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“Bite-Size Bits of Local, National, and Global History”
“Bite-Size Bits of Local, National, and Global History”
Auburn in Placer County, California — The American West (Pacific Coastal)
 

Jean Baptiste Charbonneau

 
 
Jean Baptiste Charbonneau Marker image. Click for full size.
By Barry Swackhamer, February 18, 2010
1. Jean Baptiste Charbonneau Marker
Inscription. As an infant in 1805, he accompanied his parents Toussaint Charbonneau and Sacagawea, as they guided the Lewis & Clark Expedition. He lived along the American River Canyon, at Murderer’s, Buckner’s, Rattlesnake & Manhattan Bars between 1848 and 1857. In 1861 he worked as a clerk at the Orleans Hotel, located near this site. Died in Oregon shortly after leaving Auburn in 1866.
 
Erected 2006 by Placer County Historical Society.
 
Marker series. This marker is included in the Lewis & Clark Expedition marker series.
 
Location. 38° 53.639′ N, 121° 4.753′ W. Marker is in Auburn, California, in Placer County. Marker is at the intersection of Lincoln Way and Park Street on Lincoln Way. Click for map. Marker is at or near this postal address: 1587 Lincoln Way, Auburn CA 95603, United States of America.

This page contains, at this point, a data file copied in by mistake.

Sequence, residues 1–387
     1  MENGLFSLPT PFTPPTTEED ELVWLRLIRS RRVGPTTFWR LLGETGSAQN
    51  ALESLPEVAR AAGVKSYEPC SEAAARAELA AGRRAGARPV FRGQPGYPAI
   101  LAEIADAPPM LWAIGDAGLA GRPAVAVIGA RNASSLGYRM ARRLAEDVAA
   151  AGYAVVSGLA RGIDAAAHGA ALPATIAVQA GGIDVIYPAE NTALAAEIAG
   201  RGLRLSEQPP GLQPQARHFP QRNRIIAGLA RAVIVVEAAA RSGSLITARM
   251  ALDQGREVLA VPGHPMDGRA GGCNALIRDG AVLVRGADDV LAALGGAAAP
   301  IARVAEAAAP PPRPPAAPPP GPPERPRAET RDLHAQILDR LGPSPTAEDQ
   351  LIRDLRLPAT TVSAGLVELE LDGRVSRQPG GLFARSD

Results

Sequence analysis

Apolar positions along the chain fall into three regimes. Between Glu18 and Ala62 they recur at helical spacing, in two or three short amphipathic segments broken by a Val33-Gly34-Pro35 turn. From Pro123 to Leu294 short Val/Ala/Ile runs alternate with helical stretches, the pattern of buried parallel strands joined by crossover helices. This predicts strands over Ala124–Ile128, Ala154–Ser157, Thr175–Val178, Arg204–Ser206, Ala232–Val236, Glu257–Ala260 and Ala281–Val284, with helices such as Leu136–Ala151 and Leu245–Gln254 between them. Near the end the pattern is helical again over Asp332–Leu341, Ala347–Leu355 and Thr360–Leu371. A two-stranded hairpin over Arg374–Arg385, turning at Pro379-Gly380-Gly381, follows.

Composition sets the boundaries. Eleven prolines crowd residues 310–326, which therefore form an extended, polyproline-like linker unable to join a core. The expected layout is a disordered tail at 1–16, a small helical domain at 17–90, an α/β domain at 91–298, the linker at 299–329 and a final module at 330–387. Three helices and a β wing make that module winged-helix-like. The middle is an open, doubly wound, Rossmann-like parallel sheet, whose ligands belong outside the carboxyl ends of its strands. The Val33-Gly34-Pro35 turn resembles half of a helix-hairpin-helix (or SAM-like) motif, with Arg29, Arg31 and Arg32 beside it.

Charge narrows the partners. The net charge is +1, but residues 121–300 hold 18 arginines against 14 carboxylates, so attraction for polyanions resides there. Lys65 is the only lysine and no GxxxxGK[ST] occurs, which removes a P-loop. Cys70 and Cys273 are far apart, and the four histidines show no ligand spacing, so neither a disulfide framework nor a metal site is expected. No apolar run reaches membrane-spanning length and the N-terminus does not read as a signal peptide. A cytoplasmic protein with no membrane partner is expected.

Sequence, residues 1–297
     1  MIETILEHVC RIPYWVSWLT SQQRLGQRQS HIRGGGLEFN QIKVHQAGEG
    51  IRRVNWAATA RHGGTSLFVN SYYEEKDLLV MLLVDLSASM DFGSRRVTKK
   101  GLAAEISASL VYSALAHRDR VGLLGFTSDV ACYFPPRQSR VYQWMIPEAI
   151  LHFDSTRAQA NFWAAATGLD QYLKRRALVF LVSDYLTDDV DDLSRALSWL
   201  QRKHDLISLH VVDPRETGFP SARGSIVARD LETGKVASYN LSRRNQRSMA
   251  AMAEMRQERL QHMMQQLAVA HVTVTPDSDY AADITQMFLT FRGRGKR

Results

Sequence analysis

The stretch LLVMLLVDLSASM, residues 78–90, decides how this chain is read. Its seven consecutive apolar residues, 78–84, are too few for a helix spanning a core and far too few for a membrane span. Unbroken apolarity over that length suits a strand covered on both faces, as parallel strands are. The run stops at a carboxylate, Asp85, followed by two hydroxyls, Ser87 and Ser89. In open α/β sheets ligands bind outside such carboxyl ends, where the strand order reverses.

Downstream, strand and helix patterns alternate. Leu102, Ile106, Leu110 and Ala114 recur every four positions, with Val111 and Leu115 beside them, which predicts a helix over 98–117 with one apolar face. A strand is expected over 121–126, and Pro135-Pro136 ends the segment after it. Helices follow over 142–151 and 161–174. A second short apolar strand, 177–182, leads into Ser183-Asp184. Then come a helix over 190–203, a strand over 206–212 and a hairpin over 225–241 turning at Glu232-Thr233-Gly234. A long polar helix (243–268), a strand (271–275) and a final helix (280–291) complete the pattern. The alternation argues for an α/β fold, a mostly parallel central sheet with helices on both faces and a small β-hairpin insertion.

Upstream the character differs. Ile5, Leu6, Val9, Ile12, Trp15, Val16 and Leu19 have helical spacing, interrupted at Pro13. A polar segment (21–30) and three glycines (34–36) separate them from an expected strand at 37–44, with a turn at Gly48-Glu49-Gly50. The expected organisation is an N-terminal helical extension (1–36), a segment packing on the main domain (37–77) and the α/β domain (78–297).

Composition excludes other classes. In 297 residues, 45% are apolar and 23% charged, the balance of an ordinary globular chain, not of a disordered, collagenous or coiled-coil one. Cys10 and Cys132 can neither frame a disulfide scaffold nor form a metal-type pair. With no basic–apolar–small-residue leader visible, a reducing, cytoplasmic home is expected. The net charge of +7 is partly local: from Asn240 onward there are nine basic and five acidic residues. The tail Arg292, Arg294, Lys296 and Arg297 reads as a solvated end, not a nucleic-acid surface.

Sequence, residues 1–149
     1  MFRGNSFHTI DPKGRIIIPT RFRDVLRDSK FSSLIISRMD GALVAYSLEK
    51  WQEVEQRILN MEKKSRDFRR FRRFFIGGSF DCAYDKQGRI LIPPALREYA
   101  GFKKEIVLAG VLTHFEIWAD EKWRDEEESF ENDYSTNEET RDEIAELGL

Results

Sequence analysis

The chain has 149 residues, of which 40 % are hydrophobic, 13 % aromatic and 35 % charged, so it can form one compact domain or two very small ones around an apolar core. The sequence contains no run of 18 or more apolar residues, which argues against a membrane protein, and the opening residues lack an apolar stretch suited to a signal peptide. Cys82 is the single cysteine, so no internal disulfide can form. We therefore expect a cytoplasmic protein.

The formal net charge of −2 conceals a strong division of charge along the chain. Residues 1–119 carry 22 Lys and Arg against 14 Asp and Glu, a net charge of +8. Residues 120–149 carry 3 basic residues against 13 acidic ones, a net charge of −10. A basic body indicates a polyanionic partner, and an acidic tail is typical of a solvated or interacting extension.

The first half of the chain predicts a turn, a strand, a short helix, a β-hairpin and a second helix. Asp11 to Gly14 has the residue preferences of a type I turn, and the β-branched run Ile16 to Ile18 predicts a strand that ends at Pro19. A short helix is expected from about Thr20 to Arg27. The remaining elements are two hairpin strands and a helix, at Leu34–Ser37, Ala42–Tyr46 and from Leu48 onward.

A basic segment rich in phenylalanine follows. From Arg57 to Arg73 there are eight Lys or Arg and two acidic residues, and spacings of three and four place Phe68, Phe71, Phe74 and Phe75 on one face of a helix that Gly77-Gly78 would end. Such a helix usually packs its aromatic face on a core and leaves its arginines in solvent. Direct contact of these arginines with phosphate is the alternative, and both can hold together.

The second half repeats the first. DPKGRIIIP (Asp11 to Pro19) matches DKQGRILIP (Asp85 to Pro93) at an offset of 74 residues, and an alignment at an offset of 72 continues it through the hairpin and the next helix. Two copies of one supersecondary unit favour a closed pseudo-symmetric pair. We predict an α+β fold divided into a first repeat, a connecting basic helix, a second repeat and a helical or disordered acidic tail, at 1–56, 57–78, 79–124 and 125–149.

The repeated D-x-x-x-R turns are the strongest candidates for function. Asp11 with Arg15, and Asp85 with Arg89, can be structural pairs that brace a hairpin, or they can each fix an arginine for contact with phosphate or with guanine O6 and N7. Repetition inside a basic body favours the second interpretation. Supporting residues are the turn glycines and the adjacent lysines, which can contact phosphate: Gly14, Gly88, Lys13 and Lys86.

Other nearby markers. At least 8 other markers are within walking distance of this marker. The Auburn Joss House (about 400 feet away, measured in a direct line); Chinese Houses (about 400 feet away); Gietzen Fire Station (about 500 feet away); Bosse-Morgan Building (about 600 feet away); American Hotel (about 600 feet
Jean Baptiste Charbonneau Marker image. Click for full size.
By Barry Swackhamer, June 5, 2011
2. Jean Baptiste Charbonneau Marker
away); Auburn Post Office (about 700 feet away); The Tsuda Grocery (about 700 feet away); Wells Fargo Express Office – 1852 (about 700 feet away). Click for a list of all markers in Auburn.
 
Also see . . .  Jean Baptiste Charbonneau Biography. Following his birth, "the newest member of the 33-member Louis & Clark Expedition, Jean Baptiste was a healthy and active boy, a great favorite of Clark, who nicknamed him “Pomp and Pompy,” for his pompous “little dancing boy” antics. On April 7, 1805, riding in a pirogue (river boat) with his mother, the 55 day-old Jean Baptiste joined the expedition as the Corps left Fort Mandan to continue their journey toward the Rocky Mountains and Sacagawea’s people. (Submitted on July 3, 2011, by Barry Swackhamer of San Jose, California.) 
 
Categories. Native AmericansNotable Persons
 
 
Credits. This page originally submitted on , by Barry Swackhamer of San Jose, California. This page has been viewed 1,678 times since then and 170 times this year. Photos:   1, 2. submitted on , by Barry Swackhamer of San Jose, California. • Syd Whittle was the editor who published this page. This page was last revised on June 16, 2016.
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